A key part of the mantle is the quest for that holy grail of rocketry and, as soon as SpaceX started bolting legs to the base of its Falcon 9 first stage, it became clear that the company had embarked on the search for the reusable rocket. In addition to the carbon-fibre legs, which deploy as touchdown approaches, the stage is equipped with cold-gas thrusters to reorient the stage for the return phase and small, foldable heat-resistant fins for steering. Of course, the critical item is the flight control system that makes a landing possible: according to SpaceX, the flight is “totally automated once the rocket is launched…based on incoming, real-time data”.

Its first attempt at a landing - on what SpaceX called a “drone ship” in the Atlantic - occurred in January 2015, but failed because, according to the company, “the first stage prematurely ran out of the hydraulic fluid” used to steer the fins that help control the rocket’s descent.

A second attempt in April was closer, but about 10 seconds before landing a propellant valve stopped responding to commands and the vehicle momentarily lost control. The stage reached the landing platform, but tipped over and burst into flames as its remaining propellant ignited.

However, on 21 December 2015, having deployed 11 Orbcomm communications satellites into low Earth orbit, SpaceX landed a Falcon 9 first stage back in Florida, not far from the pad at Cape Canaveral Air Force Station from which it had launched minutes earlier. It was dark, so the landing itself was hard to discern on the video feed, but when the smoke dispersed it was clear that SpaceX had succeeded. Musk said: “I do think it’s a revolutionary moment. No-one has ever brought an orbital class booster back intact…This is a fundamental step-change compared to any other rocket that’s ever flown”. A few days later, when engineers had made an initial examination of the stage, Musk tweeted that it was “ready to fire again”.

Arianespace chief executive Stephane Israel was understandably less upbeat about a competitor’s success. Speaking at a briefing in Paris in early January, he cautioned that a single demonstration does not prove the economic viability of the concept of reusable stages. Israel’s order book showed that, while Arianespace tied with SpaceX in 2014 with nine commercial orders each, in 2015 the European company signed 11 or 12 commercial Ariane 5 launch contracts (one customer remained undisclosed) compared with nine for SpaceX, and one each for two other providers.

Commenting on his company’s view of reusable rockets, Israel said: “When we launch Ariane 5 we try to fill it to capacity. We’re not cutting performance by saving fuel for a return to the launch base”. Musk addressed the economics of reusability by pointing out that “it costs $60m to build a Falcon 9, but only $200,000 to fuel”.

Naturally, SpaceX will have to make a thorough engineering assessment of the mechanical stresses incurred by the stage throughout its flight profile before judging it qualified to make another launch. Indeed, it may well turn out that some customers will refuse to sanction the use of a ‘second-hand stage’ for their precious payloads.

On the other hand, the ability to examine a rocket stage that has been to the fringes of space and back offers something that dumping it unceremoniously in an ocean does not. No-one really knows which parts of a stage might be overdesigned (and therefore heavier than they need to be) and how margins might safely be decreased, because they can’t X-ray the structure and inspect the engine plumbing with a borescope post-launch. In truth, the economics of stage reuse will not be proven until a used stage has flown again, and even then questions will remain: how many times can a stage be reused, how much does it cost to refurbish and, crucially, will reusing hardware reduce overall reliability?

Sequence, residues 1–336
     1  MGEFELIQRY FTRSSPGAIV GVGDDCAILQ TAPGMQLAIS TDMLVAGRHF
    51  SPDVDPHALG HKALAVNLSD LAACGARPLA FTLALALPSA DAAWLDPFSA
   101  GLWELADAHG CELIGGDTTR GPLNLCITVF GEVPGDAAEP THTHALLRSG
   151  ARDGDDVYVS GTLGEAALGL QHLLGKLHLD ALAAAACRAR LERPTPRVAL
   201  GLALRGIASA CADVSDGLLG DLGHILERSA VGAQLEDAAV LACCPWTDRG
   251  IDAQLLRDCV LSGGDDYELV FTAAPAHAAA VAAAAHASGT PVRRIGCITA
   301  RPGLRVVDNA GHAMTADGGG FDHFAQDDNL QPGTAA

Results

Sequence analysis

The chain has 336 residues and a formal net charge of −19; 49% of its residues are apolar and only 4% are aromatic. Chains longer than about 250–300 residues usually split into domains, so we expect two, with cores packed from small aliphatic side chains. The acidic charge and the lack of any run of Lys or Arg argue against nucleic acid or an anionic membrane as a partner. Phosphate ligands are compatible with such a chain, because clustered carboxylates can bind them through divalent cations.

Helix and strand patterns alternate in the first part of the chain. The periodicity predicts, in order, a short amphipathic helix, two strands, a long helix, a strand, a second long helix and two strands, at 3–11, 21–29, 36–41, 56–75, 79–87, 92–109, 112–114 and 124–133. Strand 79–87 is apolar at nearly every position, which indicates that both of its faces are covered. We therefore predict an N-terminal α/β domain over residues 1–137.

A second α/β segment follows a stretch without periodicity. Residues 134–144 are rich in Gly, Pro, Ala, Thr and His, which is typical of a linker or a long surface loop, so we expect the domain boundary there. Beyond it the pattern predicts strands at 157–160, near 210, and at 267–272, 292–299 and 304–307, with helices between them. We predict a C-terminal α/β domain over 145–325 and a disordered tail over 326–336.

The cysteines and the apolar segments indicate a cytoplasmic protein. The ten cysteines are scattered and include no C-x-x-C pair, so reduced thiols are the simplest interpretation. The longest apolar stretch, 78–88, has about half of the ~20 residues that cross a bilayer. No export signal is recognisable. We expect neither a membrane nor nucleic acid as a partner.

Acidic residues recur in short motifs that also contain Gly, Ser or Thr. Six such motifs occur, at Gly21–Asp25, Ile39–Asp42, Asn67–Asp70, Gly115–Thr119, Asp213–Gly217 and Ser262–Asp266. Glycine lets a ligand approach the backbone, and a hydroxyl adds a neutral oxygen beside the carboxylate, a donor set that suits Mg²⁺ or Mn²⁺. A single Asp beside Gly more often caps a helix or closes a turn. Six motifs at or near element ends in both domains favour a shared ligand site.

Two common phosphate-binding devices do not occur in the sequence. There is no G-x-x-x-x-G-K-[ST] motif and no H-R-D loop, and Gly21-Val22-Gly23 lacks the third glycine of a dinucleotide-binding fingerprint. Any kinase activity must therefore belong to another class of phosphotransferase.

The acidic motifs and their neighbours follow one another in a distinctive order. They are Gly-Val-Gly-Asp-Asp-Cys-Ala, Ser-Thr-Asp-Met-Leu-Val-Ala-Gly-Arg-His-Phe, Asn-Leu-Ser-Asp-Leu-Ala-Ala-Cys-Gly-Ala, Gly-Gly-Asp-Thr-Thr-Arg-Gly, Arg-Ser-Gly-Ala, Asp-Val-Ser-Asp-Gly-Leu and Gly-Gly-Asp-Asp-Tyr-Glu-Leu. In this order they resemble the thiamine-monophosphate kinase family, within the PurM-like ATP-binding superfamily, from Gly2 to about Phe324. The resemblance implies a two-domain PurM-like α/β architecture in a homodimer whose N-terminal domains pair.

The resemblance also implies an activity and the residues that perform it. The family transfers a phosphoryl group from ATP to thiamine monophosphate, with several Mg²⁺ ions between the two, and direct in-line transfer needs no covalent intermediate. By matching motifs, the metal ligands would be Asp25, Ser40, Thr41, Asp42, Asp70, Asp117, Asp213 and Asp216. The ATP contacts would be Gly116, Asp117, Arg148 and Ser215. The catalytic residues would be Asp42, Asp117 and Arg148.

The search continues

Though SpaceX has undoubtedly been disruptive, it won’t have things all its own way in future. Apart from a European proposal for engine recovery, a successful flight test by Blue Origin’s New Shepard launch vehicle on 23 November 2015 and a second controlled landing on 22 January 2016 shows promise for reusable launch systems. Established in 2000 by Amazon founder Jeff Bezos, Blue Origin has been media-averse since its existence became public in 2003. Yet its second development flight, which succeeded in crossing the notional 100km threshold to ‘space’, could change all that. It was the first time a commercial capsule and its carrier rocket had been launched into space and returned to the Earth intact.

For most viewers, the mission video has a greater visual impact than that of the December SpaceX flight, being shot in the clear blue skies of West Texas. In fact, the dynamic, almost surreal, terminal descent and landing phase could be straight out of ‘Thunderbirds’. However, Elon Musk was keen to point out that, unlike the Falcon, New Shepard is not designed to deliver payloads to orbit. Its raison d’être is to take scientific instruments and fare-paying uber-tourists on a short suborbital hop into the microgravity environment and parachute them back safely to Earth. As such, it is in competition with Virgin Galactic.

However, the differences are only as significant as those between cars and trucks in a world of horse-drawn carriages. The recent successful demonstrations of these two reusable rockets mark a tipping point in launch-vehicle development: in future, whether or not to incorporate reusability will be there on the list of design decisions.

Fast-forward to the 2060s and the centenary of Gerry Anderson’s ‘Thunderbirds’, the dream of full reusability could even be achieved by a British company. As development of its air-breathing hybrid rocket engine continues, the promise of the UK’s Skylon spaceplane teeters on the cutting edge of feasibility. ‘Thunderbirds’ may have gone, but Anderson’s vision remains.